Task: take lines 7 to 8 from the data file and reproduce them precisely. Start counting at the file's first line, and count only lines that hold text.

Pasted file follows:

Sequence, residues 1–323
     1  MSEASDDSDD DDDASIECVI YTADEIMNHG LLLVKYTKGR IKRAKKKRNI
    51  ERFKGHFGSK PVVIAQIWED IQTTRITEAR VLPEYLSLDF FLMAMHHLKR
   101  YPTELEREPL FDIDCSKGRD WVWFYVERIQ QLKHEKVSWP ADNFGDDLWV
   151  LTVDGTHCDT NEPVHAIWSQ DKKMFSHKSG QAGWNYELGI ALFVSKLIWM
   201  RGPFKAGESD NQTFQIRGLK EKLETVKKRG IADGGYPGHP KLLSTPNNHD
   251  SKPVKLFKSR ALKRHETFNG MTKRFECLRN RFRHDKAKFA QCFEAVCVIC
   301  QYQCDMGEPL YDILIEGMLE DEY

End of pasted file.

   251  SKPVKLFKSR ALKRHETFNG MTKRFECLRN RFRHDKAKFA QCFEAVCVIC
   301  QYQCDMGEPL YDILIEGMLE DEY